Mercedes-Benz, owned by Daimler AG, has announced the recall of around one million of their vehicles worldwide over a potential fire hazard. The German automaker told U.S. Authorities that they have received 30 reports of their engines catching fire in the U.S. leading to the recall of 354,434 vehicles. Around 650,000 additional vehicles were recalled internationally after 21 fires were reported outside of the U.S. The fires have been linked to a transmission error that prevents the engine from turning over properly. The automaker said that the motor can overheat when the driver repeatedly tries to turn on the engine, which can then allegedly cause a fire in the motor. No injuries were reported at the time of the recall.
Today Toyota announced a new recall of 482,000 vehicles in the U.S. to repair side-curtain airbags manufactured by the Swedish supplier Autoliv. The recall affects model years 2010–2012 Prius, 2010 and 2012 Prius Plug-in, and 2011–2012 Lexus CT200h. The cars are being recalled because the side-curtain airbags can inadvertently deploy and the inflator can potentially “enter the interior […] Read more
Orlando, FL – Last week 40 million more cars were recalled because of exploding Takata airbags. The recall now affects around one out of every four cars in America, making it by far the largest recall in history. But the dirty truth about the recall is that sitting here today, it’s impossible for anyone to […] Read more
Florida is the “epicenter” of the Takata airbag debacle which has resulted in the largest automotive recall in U.S. history. Unfortunately, all signs indicate that the severe injuries and deaths will continue into the foreseeable future. The roadways remain flooded with millions of vehicles which may still be equipped with the potentially lethal airbags. Moreover, […] Read more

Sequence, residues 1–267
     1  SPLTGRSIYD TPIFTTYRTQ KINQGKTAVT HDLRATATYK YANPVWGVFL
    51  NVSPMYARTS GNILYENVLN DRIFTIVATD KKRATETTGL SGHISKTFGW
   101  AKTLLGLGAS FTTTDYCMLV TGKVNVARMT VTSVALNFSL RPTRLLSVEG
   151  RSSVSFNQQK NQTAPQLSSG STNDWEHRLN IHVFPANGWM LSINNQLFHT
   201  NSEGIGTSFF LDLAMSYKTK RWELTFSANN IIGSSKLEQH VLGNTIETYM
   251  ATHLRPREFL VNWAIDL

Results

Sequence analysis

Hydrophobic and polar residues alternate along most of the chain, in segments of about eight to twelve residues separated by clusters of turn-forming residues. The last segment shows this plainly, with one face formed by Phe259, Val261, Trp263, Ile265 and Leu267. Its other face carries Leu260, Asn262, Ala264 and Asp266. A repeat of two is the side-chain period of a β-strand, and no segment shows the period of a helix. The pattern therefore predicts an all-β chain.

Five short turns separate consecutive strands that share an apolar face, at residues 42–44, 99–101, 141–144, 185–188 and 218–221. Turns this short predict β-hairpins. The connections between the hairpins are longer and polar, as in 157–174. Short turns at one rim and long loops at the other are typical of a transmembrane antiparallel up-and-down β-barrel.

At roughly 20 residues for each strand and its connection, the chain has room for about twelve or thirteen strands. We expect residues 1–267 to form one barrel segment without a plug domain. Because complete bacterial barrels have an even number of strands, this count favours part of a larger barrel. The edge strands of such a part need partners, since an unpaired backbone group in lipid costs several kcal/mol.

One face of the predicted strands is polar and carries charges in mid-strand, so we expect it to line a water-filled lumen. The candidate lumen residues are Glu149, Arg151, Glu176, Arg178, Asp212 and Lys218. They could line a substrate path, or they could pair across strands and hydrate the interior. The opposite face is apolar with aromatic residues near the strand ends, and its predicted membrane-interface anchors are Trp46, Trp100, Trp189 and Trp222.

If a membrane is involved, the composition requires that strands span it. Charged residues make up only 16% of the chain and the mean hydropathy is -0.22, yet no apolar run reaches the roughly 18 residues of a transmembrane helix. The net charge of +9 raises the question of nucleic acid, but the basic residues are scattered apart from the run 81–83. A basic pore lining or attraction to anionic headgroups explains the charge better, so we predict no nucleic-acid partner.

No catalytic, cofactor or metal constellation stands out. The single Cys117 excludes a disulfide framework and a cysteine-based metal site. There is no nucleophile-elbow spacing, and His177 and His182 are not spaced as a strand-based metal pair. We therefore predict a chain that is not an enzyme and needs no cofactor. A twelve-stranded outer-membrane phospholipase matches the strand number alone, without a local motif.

Over the last few weeks there has been an onslaught of media coverage and public attention to the Takata recall issue that we have discussed here several times. Senator Bill Nelson, who has been a vocal critic of the manner in which Takata and auto makers have handled the recall, will chair a Senate Commerce Committee hearing today in which he will question Takata and other industry executives about what and when they knew about the problem. He will also question NHTSA about the role they played in the recall and what appears to be a broken vehicle and tire recall system. Read more
Today, in the wake of yesterday’s bombshell report from the New York Times that Takata destroyed secret test results in which airbag steel inflators exploded, United States Senators Markey and Blumenthal called on the U.S. Department of Justice to open a criminal investigation. Read more
This week a sitting United States Senator picked a fight with several multi-national corporations because of the way they’ve handled a recent recall involving defective airbags. We were fortunate to have front row seats this week as we watched it unfold.
“You fix it and fix it right,” said Nelson as he made a three city tour across Florida this week, including a press conference in Orlando on Tuesday at our law firm’s warehouse. “This is absolutely unacceptable and absolutely outrageous.” Read more
As we reported recently here on our blog, millions of vehicles have been identified as part of a “rolling recall” involving defective Takata airbags. The airbags, which explode with too much force, cause the metal housing to shatter and fly into the face of drivers and passengers like shrapnel from a pipe bomb. Read more
It’s uncommon for two vehicle manufacturers to recall hundreds of thousands of vehicles for similar reasons in the same week. Nevertheless, this week both Suzuki and Honda recalled more than a combined 400,000 vehicles due to problems with the airbags. Suzuki recalled approximately 193,936 Grand Vitara and SX4 models due to the airbag’s sensor mat potentially failing and deploying in a crash whether or not the occupant is an adult or child. Read more
Last week, Toyota re-issued a recall for approximately 780,000 vehicles due to a previous recall fix that did not adequately address the issue. The fix involved nuts to readjust tire alignment that were determined to not have been tightened enough. Toyota, and other main vehicle manufacturers who sell new vehicles in the U.S. have seen a handful of recalls this year. Read more